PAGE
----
Comparisons With the General Population
The picture of youth with disabilities presented in this report is similar to that of youth in the general population on several dimensions. For example:
- Youth with disabilities and those in the general population are about equally likely to report being cared about by parents and actively turning to them and to siblings or a boyfriend or girlfriend for support.
- The two groups also report similar levels of feeling safe at school and are about equally likely to expect to receive a regular high school diploma.
However, in several respects, youth with disabilities express somewhat more negative views, experiences, or expectations than their general-population peers.
- Youth with disabilities are more likely than youth in the general population to report having daily trouble paying attention, completing their homework, and getting along with teachers and students.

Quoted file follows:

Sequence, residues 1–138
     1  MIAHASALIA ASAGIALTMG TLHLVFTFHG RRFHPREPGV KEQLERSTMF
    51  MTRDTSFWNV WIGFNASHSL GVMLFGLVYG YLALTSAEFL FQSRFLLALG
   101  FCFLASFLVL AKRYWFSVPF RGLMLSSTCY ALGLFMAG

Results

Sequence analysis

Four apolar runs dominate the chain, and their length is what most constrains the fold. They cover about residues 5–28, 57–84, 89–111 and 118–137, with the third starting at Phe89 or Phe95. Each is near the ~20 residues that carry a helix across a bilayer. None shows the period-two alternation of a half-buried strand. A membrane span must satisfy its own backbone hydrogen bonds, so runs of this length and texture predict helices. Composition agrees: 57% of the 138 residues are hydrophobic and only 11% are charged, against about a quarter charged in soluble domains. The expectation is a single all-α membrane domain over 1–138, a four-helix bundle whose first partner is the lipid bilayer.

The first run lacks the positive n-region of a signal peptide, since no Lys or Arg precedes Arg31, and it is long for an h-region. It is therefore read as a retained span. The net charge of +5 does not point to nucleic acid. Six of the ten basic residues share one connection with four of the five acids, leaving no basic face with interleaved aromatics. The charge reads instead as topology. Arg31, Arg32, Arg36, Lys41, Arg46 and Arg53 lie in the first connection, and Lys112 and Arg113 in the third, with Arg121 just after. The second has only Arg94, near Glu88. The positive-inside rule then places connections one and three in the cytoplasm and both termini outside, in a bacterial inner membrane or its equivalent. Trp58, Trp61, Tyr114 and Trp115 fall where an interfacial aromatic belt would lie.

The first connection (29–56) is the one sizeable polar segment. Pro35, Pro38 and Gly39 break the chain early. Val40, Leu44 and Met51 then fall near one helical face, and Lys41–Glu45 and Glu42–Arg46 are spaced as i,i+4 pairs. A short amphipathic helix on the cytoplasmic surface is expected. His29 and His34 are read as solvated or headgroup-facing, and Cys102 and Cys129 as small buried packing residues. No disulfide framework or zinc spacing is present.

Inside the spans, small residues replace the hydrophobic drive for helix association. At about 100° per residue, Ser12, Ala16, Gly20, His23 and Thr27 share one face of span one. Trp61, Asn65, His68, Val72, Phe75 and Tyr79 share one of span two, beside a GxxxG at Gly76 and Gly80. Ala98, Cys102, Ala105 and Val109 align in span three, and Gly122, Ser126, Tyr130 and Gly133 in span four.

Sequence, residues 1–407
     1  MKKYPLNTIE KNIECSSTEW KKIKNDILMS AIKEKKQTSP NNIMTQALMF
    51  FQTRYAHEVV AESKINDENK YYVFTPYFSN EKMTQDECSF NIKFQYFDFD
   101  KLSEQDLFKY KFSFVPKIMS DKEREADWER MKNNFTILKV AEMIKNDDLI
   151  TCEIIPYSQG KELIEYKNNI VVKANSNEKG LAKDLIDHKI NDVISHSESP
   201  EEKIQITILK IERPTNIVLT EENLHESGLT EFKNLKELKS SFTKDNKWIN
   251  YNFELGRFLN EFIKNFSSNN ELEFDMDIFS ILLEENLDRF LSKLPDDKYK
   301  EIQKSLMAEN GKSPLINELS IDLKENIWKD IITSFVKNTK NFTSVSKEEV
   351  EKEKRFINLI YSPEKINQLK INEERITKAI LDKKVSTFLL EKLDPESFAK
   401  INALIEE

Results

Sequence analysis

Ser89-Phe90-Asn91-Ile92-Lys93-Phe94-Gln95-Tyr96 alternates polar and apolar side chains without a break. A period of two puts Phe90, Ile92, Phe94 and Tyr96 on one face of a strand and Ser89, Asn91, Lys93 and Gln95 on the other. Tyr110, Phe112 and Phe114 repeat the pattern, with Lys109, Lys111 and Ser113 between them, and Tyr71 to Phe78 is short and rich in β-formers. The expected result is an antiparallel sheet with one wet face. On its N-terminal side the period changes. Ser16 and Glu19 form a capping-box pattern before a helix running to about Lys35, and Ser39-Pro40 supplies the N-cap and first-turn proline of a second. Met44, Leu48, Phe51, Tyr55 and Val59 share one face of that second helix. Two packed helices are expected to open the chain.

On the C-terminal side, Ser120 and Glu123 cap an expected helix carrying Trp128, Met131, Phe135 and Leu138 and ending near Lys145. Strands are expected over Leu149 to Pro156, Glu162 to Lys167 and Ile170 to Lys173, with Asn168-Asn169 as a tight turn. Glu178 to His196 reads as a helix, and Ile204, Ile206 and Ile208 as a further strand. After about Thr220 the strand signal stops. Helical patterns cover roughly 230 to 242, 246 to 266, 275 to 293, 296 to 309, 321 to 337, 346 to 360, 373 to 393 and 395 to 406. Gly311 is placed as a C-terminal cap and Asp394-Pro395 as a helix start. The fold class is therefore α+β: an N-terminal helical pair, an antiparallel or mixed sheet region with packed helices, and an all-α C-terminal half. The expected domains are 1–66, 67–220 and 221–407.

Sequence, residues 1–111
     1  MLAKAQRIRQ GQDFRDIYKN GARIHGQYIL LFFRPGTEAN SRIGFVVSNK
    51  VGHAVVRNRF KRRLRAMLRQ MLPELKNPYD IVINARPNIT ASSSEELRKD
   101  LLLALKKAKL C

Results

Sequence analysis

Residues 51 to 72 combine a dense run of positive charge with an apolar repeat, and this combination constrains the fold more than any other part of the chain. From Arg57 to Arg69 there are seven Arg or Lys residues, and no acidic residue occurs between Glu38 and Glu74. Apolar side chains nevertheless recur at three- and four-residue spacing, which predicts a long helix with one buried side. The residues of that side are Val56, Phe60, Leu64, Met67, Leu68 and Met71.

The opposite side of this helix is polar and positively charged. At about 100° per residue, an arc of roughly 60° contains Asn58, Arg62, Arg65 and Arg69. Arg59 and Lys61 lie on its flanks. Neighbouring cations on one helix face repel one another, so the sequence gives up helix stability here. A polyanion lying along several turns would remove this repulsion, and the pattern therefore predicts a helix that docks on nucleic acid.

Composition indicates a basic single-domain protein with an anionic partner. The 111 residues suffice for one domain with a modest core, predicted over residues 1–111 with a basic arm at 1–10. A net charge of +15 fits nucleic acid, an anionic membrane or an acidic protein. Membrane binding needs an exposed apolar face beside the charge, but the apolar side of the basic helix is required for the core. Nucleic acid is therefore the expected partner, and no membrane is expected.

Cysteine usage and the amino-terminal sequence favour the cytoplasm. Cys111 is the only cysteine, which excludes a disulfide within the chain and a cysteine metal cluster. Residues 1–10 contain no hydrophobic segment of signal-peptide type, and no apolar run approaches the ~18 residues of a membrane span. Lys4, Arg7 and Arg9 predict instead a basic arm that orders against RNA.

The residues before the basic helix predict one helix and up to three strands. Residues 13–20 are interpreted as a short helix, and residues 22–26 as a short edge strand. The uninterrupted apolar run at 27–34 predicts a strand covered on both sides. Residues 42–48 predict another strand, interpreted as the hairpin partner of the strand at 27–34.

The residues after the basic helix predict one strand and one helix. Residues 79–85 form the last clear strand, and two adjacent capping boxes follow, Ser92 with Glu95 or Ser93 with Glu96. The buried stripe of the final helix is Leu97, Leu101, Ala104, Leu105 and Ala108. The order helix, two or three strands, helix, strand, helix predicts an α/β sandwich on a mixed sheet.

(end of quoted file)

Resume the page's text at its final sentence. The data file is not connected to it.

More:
- They also are more likely to have little or no sense of affiliation with school and to report strong disagreement that they enjoy school.
- However, youth with disabilities also are more likely to strongly agree that they enjoy school.
- They are less likely than youth in general to expect to attend or complete postsecondary school.
- Regarding their relationships in general, youth with disabilities are more likely than others to report pervasive feelings of loneliness and of being disliked by others, although a minority of youth with disabilities do so.
- Nonetheless, compared with youth in the general population, those with disabilities are more likely to say they receive "a lot" of attention from their families and to report enjoying life and feeling hopeful about the future most or all of the time.